A woman detained by Saudi police after appearing in a video wearing a miniskirt has been released without punishment, according to a statement by Saudi Arabia’s Ministry of Culture and Information.
The woman, who was detained by Riyadh police, featured in a viral video wearing a miniskirt and a crop top as she strolled through a Saudi city.
She told investigators that the clip was published without her knowledge, according to the statement. The statement adds that she was released on Tuesday evening without charge and the prosecutor has closed the case.
Saudi Arabia adheres to a strict interpretation of Islamic law. Women are expected to wear loose-fitting clothing, known as an abaya, and Saudi women are required to cover their hair.
The video showed the woman walking along an empty street in the historic town of Ushayqir, according to the police statement.
Ushayqir — in Saudi Arabia’s Najd province — is the birthplace of Wahhabism, the kingdom’s ultra-conservative school of Islamic thought.
The video stirred heated debate on social media, with many calling for her arrest while others jumped to her defense.
Saudi women’s rights Twitter activist Fatima al-Issa wrote, “If she were Western, they would have praised her waist and her enchanting eyes, but because she’s Saudi they call for her to be tried!”
The debate on social media centered on the hashtag #مطلوب_محاكمه_مودل_خلود, which translates to “the trial of Khulood the model is a must.”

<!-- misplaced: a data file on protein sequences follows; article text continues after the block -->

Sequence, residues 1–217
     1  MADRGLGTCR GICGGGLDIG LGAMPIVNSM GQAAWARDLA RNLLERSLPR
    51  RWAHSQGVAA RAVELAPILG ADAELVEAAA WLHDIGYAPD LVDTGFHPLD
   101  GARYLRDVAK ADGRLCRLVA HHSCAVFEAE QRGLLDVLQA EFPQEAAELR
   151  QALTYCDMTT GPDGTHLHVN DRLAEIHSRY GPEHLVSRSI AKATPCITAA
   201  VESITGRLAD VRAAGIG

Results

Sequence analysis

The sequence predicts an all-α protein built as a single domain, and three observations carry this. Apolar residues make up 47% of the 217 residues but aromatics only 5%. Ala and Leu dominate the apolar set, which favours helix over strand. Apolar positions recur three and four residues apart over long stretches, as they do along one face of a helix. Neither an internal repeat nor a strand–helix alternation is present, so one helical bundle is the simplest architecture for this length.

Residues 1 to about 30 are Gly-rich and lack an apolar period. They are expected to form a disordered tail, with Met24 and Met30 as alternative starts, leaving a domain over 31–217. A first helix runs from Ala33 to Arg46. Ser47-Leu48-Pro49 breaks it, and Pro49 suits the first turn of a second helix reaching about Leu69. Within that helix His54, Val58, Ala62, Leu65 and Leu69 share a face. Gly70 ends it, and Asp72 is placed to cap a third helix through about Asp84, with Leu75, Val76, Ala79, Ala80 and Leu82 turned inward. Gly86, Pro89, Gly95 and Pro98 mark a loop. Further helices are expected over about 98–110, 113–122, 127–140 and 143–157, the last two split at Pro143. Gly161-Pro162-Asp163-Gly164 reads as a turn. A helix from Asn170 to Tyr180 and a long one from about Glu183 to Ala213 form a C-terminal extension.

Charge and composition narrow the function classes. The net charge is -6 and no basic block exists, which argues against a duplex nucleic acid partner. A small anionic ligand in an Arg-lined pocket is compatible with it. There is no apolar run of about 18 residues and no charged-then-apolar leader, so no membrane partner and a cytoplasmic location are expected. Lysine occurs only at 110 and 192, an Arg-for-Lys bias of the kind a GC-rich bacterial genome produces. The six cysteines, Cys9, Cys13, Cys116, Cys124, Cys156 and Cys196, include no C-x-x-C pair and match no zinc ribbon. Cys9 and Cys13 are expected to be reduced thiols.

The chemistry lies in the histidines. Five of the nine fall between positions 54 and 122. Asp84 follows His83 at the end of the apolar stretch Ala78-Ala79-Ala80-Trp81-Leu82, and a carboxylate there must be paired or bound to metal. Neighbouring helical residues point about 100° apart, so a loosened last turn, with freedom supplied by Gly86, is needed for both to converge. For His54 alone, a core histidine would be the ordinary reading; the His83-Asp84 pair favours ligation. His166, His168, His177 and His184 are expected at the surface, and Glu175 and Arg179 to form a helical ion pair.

“Khulood the model” has been Saudi social media’s moniker for the woman who appeared in the video. However, police have not released her identity.
On Sunday, the kingdom’s religious police said they were monitoring the video and taking “the necessary steps” to address the video depicting the “girl in offensive clothing.”
The religious police, also known as the Haia, have historically worked to ensure people’s adherence to Islamic laws — such as the prohibition of alocohol and drugs, gender segregation and the requirement that women be appropriately covered.
However, their powers were considerably curtailed under directives announced in 2016. The religious police can no longer detain people they identify as breaking the kingdom’s strict standards of moral conduct.
Instead, religious police must report individuals’ “misbehaviors” to the police or drug police.